Wide, flat, and slow isn't necessarily a drawback if you're planning to use your kayak for having fun close-to-shore. And, increasingly, sit-on-tops are available in sleeker designs with longer overall boat-lengths. But if your goal is to cruise in blue or rougher water, you'll need a sit-in touring kayak that's more responsive. And, if you've progressed to a level where manoeuvrability and advanced paddle strokes are enhancing your experience, you may get frustrated with a slow craft. If you're new to kayaking, remember that learning basic skills goes quickly for most people, so even if you haven't paddled much before, think about how you want to use the kayak - you may want to buy a kayak slightly beyond your skill level so that you can grow into it.


The sturdier the kayak, generally, the more it's going to weigh. Sit-on-top kayaks normally weigh in higher than sit-ins. This frequently contributes to their generally lower price, stability, and durability. It's not inconsequential to think about how you'll be transporting your kayak. Will you be able to get it on and off your car by yourself? Will you simply be pulling it down the road on a trolley? Being able to manage your equipment is an important factor in your overall experience. I can carry a sit-on-top myself down a short path, for example, and I can trolley my sit-on down to the beach near my house.  But I need assistance lifting a sit-on-top kayak over my head and onto the car. On the other hand, if you'll be parking your boat on a dock or beach for the season, only transporting it at the beginning and end of the season, weight may not be an issue. Don't underestimate this part of the equation, however. The more mobile you can be with your boat, the more you'll use it.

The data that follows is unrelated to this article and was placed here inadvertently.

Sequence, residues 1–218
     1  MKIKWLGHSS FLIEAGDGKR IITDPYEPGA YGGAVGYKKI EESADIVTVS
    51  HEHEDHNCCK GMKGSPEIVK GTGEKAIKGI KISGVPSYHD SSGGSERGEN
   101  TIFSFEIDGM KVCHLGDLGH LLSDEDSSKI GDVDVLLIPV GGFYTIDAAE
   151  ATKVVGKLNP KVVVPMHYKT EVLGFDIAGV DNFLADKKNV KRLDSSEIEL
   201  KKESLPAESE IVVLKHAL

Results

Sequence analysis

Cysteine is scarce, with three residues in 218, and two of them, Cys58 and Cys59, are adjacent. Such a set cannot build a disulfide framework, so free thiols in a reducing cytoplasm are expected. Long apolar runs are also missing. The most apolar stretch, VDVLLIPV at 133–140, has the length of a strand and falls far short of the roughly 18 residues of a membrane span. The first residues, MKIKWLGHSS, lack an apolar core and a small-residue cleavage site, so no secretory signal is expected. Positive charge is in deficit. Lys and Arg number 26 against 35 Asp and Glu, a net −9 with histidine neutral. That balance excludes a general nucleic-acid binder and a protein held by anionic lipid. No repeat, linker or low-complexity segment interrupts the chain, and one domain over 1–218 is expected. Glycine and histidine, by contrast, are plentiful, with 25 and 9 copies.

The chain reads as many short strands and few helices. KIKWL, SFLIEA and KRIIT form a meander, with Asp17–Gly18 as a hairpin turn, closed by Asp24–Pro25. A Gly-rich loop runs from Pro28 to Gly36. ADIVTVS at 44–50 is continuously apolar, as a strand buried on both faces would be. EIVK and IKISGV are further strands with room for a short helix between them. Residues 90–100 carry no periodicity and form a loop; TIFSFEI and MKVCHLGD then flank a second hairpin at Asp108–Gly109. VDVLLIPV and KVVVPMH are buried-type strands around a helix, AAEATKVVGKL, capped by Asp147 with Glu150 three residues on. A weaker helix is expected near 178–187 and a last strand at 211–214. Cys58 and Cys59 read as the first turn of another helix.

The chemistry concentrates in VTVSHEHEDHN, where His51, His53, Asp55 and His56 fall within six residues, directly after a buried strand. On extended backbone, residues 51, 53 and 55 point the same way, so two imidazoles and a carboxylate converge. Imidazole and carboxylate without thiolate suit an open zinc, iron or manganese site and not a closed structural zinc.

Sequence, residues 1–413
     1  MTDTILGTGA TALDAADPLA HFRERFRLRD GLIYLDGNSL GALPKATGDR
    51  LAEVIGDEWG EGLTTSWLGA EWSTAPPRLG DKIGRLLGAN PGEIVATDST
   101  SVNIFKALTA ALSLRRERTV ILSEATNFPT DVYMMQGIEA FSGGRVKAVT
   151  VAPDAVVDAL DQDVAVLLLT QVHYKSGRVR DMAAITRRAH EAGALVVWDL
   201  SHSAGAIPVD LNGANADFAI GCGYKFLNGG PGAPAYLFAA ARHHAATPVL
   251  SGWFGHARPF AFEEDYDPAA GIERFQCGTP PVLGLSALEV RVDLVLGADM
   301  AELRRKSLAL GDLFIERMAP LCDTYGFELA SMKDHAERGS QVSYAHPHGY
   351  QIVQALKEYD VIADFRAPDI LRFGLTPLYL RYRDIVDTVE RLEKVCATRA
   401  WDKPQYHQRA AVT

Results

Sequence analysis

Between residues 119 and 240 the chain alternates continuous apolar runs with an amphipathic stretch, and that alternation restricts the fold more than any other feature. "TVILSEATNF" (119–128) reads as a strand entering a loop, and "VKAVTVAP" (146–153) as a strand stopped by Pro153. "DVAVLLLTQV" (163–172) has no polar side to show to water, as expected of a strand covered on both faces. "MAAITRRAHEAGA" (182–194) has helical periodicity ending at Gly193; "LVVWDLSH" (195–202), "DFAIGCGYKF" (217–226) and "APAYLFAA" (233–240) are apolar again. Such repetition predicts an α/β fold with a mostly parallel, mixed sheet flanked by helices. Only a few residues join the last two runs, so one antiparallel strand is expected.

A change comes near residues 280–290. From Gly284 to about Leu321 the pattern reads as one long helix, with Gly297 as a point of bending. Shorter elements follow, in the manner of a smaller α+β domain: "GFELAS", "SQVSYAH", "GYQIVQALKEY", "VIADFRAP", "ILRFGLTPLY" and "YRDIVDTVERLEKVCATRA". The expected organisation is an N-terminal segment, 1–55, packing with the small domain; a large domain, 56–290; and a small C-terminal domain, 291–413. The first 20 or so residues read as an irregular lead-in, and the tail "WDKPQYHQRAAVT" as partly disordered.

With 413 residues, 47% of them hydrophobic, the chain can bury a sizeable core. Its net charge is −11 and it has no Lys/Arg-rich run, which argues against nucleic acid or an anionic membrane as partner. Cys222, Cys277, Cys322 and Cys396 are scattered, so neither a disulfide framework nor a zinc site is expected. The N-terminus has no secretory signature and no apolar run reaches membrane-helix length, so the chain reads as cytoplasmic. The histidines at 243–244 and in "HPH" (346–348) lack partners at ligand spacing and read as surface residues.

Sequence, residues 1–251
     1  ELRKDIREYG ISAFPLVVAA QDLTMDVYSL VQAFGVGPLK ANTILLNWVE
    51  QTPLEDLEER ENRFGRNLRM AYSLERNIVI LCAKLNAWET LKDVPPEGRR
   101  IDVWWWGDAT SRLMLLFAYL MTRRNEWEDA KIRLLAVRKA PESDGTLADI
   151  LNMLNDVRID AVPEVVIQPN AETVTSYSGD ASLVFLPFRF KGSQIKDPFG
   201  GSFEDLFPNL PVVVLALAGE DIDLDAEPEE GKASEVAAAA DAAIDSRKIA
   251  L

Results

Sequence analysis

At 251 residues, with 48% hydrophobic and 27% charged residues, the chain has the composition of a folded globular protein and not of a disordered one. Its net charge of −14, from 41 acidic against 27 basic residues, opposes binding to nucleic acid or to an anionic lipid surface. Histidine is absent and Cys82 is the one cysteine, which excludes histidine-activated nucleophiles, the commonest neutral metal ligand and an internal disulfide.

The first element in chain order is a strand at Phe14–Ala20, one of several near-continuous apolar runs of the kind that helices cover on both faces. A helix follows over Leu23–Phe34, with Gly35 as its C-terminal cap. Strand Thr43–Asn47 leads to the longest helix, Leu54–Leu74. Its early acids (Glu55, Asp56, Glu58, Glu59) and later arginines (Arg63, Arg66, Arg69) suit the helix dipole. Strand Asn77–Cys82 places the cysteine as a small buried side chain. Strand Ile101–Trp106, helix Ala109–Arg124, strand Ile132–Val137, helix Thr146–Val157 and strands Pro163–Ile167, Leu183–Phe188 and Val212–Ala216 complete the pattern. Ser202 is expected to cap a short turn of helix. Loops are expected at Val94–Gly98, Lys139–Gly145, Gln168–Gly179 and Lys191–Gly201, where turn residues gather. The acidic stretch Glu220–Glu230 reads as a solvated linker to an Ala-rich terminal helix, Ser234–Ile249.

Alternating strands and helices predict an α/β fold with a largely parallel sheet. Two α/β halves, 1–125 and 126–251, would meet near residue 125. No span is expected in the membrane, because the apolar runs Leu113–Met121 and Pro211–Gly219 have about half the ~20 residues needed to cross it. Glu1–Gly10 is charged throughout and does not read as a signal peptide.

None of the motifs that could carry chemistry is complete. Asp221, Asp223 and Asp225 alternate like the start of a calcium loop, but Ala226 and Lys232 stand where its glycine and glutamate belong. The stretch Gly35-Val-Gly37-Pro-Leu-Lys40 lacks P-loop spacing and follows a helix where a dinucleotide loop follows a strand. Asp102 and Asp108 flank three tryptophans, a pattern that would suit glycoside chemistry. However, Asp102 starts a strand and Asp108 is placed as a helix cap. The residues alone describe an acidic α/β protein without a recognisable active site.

It goes without saying that how you'll use your craft has everything to do with what kind of kayak you'll want to purchase. Want to have fun while holidaying at the family beach house by the lake? A wide, flat sit-on-top is probably a good choice. Fishing-specific sit-on-top kayaks are great choices for people who want to drop a line. Likewise, if you want to drop anchor and swim or SCUBA dive off of your boat, a stable kayak that's easy to get on and off of will be key.

On the other hand, if your goal is to go for a cruise down your local river, do a mutti-day journey, or hit rougher seas, you'll definitely need the manoeuvrability of a sit-in touring kayak. These styles tend to be longer, thinner, more easily steered, and are going to give you dry storage for your gear. Plus, if a wave comes along to knock you around, you'll be able to either steer through it more easily, or stay with the boat if it knocks you over. Since sit-ins offer more physical unity with the kayak - the hull becomes more like a piece of equipment your wearing and moving with than something you're just put upon - you'll have more control over your kayak.